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The phrase "killing fields" doesn't quite conjure up the rolling hills of the Cradle of Humankind, a Unesco World Heritage site west of Johannesburg.
But beneath the veneer of the tourist buses and Jersey cows are horrifying murder and robbery statistics, which received yet another boost this week.
The area bore witness to its 96th farm attack this year when Belgian national Mattias Noack, 58, who survived another attack on his life last November, was murdered by five attackers at his Lindley, Muldersdrift, home on Thursday night.
Raising more than a few eyebrows among neighbours is the fact that Noack and his wife Susan were witnesses in the criminal trial of a police inspector, from Muldersdrift police station, arrested in recent weeks over last November's attack.
West Rand police spokesperson Inspector Solomon Sibiya told the Saturday Star that the suspect, who can't be named until he has pleaded, appeared in the Krugersdorp magistrate's court this week and had his case postponed until October 26. He was released on R2 000 bail.
Shockingly, the policeman is still on duty and has been transferred to Norwood police station pending an internal disciplinary hearing on October 10. Sibiya said the suspect would be charged with attempted murder and robbery.
The inspector was arrested after being identified by Noack's wife at the Douglasdale police station, where she works as a receptionist.
Noack retired to South Africa three years ago to set up a nursery. Last year, the couple were attacked in their driveway, along with two German tourists, by four men. Noack was shot in a leg before the attackers fled.
On Thursday, the couple returned home at 8.30pm to find five attackers waiting for them. Noack was shot at three times and died on the scene. Money, cellphones, a revolver and the couple's Nissan Almera were stolen, but Noack's wife was not harmed.
Muldersdrift, with an average of more than 10 farm attacks a month and eight murders this year, has been labelled a national crime hotspot by the Transvaal Agricultural Union (TAU), which says it is by far the most violent farming area in the region.
Trevor Roberts, the owner of a Muldersdrift security consultancy, Conserv Security, said the attack on the Noacks was the fifth "double attack" on a farmer in the area, and, like the others, looked suspiciously like a revenge attack.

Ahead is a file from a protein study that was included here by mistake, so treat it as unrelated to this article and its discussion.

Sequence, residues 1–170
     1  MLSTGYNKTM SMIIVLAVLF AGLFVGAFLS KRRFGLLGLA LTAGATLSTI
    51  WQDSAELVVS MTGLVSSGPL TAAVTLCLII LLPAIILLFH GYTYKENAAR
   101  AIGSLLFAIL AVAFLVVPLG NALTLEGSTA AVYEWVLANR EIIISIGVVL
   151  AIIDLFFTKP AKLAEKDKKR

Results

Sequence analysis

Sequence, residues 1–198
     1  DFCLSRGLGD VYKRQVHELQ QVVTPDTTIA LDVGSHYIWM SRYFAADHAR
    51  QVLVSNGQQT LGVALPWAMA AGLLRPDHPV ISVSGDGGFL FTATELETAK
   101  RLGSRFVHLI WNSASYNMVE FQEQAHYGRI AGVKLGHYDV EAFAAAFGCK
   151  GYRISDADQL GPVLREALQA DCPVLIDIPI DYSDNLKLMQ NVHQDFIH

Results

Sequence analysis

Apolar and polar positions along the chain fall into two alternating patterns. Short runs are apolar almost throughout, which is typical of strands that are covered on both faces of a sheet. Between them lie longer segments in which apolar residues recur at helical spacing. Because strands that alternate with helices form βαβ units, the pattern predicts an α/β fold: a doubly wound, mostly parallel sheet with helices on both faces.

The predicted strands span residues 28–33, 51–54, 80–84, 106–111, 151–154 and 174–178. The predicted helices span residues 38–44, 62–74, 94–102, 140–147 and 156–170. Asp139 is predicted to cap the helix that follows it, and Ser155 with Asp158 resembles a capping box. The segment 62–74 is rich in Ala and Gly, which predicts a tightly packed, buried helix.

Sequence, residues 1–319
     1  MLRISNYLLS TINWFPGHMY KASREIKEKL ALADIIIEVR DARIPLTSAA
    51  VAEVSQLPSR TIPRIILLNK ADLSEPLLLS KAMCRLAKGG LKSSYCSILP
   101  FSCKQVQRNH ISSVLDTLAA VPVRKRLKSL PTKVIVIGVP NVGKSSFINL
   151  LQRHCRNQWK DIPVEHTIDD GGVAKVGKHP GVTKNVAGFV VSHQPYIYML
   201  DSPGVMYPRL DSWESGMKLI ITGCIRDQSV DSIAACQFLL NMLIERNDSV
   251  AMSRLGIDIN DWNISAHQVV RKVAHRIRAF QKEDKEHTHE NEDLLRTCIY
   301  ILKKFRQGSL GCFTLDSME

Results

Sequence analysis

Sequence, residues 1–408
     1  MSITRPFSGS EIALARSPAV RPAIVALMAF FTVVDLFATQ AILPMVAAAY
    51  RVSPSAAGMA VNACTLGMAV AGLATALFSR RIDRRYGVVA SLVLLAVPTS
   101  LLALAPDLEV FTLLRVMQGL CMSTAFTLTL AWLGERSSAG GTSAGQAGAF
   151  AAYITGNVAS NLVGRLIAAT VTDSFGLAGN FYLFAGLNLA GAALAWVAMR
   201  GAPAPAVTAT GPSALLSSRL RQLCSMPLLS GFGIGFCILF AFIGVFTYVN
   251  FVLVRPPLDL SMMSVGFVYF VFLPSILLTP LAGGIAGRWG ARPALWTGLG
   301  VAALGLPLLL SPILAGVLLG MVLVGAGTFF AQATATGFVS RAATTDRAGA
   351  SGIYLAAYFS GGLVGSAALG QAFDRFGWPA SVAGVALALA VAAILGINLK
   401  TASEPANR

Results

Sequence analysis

Conserv Security assesses individual communities and draws up security plans for them. This includes rosters for community patrols, firearms training, rural survival skills and self-defence. The company serves about 3 000 landowners in the area.
Roberts said that in a three-month period, patrols by local armed landowners had helped bring down the crime rate in Muldersdrift from one attack every two-and-a-half days to one every 21 days. Police have slammed these local farmer patrols, saying they went against the laws of the country.
The unofficial farmer armies patrolling the Muldersdrift streets, many of them set up in response to the government's decision to phase out military commandos in 2003, is illustrative of a growing trend around the country.
More and more farmers are organising themselves into rural protection units, and in many provinces have rejected the South African Police Service's sector policing strategy as incompetent. The complaints range from police being involved in crime to a lack of vehicles and staff.
The initiative appears to be led by ex-military officials who, in the northern reaches of the country, lead military-style exercises against suspected criminals with names like Operation Clenched Fist.
Velskoen-and-firearm brigades have led to a significant drop in crime, according to Gideon Meiring, chairperson of the TAU's safety and security committee.
Meiring, a former army colonel in charge of military intelligence, said candidly that his point of departure was that "it's either us or them".
Meiring was unapologetic about the security support groups he has helped to set up in provinces like Limpopo, North West and Mpumalanga, saying the police "are not part of the solution but part of the bloody problem".
He has been involved in setting up what the TAU calls the Greenlight Police, an association of patrolling farmers with flashing green lights fixed to the top of their vehicles.
Meiring also runs frequent three-day self-defence courses. Men, women and children are taught first aid, how to use ordinary household items to protect themselves, and how to fire AK-47s, R-4s and pump-action rifles.
The president of the National African Farmers' Union, Motsepe Matlala, said some white commercial farmers were politicising the problem of farm attacks by creating the impression that it was only white commercial farmers who were being targeted. This was "far from the truth".
"In Limpopo, certain white commercial farmers are taking the law into their own hands under the pretence of protecting themselves, which is not very good, neighbourly behaviour...
"You can't say per se that people can't protect themselves, but when those farmers patrol, they must act within the limits of the law. I don't imagine that the ordinary, poor farmworkers, if they see someone coming at them carrying big rifles, wouldn't feel uncomfortable and intimidated," Matlala said.